World Library  
Flag as Inappropriate
Email this Article

Carlist Party (1970)

Article Id: WHEBN0016371931
Reproduction Date:

Title: Carlist Party (1970)  
Author: World Heritage Encyclopedia
Language: English
Subject: Carlism, Titoism
Collection:
Publisher: World Heritage Encyclopedia
Publication
Date:
 

Carlist Party (1970)

Carlist Party
Partido Carlista
Secretary-General Evaristo Olcina
Founded 1970 (1970)
Headquarters C. Zurbano, 71 bajos, 29010 Madrid
Newspaper El Federal
Youth wing Juventudes Carlistas
Paramilitary wing Carlist Action Groups (until 1972)
Ideology Carlism
Socialism
Self-management socialism
Monarchism
Confederalism
Ecologism
Foralism
Political position Left-wing
Parliament of Navarre (1979)
1 / 70
Politics of Spain
Political parties
Elections
Insignia of the Carlist Party

The Carlist Party (Spanish: Partido carlista, PC) is a Spanish political party that considers itself as a successor to the historical tradition of Carlism. The party was founded in 1970, although it remained illegal until 1977, following the death of the dictator Franco and the democratisation of Spain.

The general secretary of the party, since the year 2000, has been Evaristo Olcina. Its official publication is El Federal (since 1999, had been before IM). It has a political line of the alternative left, Montejurra. The Carlist Party holds a federal structure with the possibility of it forming sovereign Carlist parties in the associate nationalities in the Carlist Party. The youths of the different Carlist Parties and Carlist groups group together in the Carlist Youths.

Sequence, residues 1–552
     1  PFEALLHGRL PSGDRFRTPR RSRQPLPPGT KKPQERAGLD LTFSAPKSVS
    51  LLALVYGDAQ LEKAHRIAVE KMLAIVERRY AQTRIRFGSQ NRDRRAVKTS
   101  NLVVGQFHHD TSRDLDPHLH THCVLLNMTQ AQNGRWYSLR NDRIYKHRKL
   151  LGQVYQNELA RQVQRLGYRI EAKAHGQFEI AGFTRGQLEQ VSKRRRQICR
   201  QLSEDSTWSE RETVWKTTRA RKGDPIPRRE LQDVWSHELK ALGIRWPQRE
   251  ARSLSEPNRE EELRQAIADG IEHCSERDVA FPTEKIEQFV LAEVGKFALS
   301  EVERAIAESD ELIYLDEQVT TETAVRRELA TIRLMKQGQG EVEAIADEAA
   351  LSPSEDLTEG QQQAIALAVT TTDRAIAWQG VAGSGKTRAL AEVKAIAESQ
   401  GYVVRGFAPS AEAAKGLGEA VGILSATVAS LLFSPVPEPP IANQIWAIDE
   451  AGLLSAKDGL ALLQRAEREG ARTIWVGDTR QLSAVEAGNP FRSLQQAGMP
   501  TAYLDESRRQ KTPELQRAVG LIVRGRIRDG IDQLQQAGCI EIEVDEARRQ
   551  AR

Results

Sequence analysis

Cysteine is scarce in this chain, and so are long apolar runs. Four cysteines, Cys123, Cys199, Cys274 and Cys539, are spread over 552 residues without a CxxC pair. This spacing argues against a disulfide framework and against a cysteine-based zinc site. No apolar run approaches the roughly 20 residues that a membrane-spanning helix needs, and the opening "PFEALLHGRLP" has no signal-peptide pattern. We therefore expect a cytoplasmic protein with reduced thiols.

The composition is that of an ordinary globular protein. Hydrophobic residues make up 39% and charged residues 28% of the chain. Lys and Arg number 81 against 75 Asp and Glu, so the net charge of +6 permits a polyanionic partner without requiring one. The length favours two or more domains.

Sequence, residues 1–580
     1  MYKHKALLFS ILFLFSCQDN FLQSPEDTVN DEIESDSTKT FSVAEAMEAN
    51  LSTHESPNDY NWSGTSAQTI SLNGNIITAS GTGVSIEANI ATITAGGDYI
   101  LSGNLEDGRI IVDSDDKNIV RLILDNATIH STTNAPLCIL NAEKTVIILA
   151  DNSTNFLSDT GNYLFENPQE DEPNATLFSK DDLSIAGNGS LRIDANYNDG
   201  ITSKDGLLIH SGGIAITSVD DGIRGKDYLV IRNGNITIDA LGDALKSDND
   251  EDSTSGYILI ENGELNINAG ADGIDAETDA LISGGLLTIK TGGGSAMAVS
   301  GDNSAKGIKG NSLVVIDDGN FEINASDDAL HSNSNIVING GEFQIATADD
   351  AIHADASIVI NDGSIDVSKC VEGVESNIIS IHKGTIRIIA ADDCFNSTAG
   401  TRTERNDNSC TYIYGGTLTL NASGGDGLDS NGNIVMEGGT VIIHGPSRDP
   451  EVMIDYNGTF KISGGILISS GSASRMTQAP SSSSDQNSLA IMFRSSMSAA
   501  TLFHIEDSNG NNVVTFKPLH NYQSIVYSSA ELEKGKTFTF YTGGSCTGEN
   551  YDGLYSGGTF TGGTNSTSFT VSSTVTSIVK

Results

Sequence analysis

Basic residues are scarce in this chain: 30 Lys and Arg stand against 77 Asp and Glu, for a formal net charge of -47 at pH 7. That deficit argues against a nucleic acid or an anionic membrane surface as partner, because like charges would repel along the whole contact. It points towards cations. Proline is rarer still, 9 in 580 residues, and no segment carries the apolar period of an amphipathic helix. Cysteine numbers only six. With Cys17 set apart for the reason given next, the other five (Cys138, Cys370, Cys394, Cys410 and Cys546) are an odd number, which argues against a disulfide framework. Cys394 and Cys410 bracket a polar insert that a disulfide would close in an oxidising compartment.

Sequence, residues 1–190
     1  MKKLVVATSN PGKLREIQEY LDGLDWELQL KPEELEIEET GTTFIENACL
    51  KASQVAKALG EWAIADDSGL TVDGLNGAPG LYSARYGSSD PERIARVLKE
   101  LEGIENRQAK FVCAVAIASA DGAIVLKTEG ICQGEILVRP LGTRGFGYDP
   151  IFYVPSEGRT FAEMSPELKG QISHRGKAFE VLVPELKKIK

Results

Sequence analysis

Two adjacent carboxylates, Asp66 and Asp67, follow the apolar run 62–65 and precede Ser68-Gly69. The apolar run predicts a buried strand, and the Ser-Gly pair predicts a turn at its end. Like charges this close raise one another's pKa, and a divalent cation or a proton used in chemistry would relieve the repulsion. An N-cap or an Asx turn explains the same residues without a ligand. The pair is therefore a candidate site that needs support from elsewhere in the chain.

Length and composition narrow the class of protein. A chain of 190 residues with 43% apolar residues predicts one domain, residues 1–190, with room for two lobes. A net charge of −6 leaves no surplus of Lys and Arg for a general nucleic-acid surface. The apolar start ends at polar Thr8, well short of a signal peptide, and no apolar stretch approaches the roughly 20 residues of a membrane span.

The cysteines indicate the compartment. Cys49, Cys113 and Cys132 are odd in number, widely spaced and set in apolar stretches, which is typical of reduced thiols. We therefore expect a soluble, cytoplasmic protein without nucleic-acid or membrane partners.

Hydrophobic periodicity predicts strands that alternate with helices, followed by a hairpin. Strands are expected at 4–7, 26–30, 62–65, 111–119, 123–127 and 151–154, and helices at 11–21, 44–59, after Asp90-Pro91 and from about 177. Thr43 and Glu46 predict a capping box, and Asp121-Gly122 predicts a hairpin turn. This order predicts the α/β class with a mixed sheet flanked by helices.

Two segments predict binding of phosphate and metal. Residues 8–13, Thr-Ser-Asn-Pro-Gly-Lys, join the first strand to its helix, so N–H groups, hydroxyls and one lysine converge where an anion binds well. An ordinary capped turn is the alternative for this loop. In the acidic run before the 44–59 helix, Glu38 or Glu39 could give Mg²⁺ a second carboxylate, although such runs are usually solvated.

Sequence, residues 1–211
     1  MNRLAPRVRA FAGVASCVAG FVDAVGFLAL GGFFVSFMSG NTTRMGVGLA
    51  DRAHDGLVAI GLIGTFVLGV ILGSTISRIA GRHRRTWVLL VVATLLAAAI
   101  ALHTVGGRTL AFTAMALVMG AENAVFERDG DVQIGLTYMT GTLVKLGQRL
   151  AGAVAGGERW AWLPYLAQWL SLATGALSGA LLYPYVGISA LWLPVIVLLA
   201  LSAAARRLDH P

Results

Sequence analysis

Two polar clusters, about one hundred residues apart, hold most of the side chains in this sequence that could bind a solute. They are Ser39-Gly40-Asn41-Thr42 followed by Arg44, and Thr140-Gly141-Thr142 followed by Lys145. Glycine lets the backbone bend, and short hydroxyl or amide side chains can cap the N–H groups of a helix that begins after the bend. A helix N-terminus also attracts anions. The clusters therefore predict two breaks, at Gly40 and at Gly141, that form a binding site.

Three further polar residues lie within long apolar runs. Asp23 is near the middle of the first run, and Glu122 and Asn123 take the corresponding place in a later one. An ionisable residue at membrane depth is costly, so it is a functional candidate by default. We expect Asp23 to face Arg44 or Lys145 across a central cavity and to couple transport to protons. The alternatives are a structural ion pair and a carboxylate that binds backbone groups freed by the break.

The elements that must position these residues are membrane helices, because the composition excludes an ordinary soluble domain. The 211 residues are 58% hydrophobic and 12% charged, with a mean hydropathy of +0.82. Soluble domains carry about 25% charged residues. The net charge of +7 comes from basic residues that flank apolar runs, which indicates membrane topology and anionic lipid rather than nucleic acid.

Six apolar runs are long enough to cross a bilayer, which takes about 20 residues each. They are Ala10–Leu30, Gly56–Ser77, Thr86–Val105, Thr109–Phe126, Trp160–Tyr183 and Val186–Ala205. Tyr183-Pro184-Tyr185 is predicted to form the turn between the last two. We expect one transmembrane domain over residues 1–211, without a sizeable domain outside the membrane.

The Party is known to be the "Left-Wing" of the Carlist Movement since the movement itself primarily belonged to the Right-wing spectrum such as Conservatism. It was also known for supporting Carlos Hugo over his brother for leading the Carlist movement.

History

The current organisation of the Carlist Party originates from the renovation of the ideology of the illegal Traditionalist Communion, which it was conceived during the 1950s and 1960s in a situation of illegality and prohibition imposed under the Carlism (Group of Traditionalist Students, AET, the university, Traditionalist Worker’s Movement, MOT, the workers)into the Francoist only official party, with the support of Prince Xavier of Bourbon-Parma, even though the name of the Carlist Party did not materialize until the end of the 1960s.

Between 1970 and 1972 the Carlist Party organised Congresses of the Carlist People in Arbonne, in which it adopted a program for the ideological change of Carlism towards self-management socialism and the conversion of PC into a federal and democratic party of the masses, of class, which aspired to a socialist based monarchy in a pact between the dynasty and the people. The leader, Francesc Xavier, after suffering a serious automobile accident, conceded full powers to his son, Carlos Hugo, Duke of Parma, represented in Spain for José María de Zavala, to run the party and resigned on 20 April 1975.

According to party data, it contained around 25,000 members in 1977. In 1974 the Carlist Party went on to form an alliance, jointly with other forces of the opposition, from the Democratic Junta of Spain, until it ended in February 1975 to go on to form part of the Platform of Democratic Convergence which fused with the Junta in the Democratic Co-ordination in March 1976.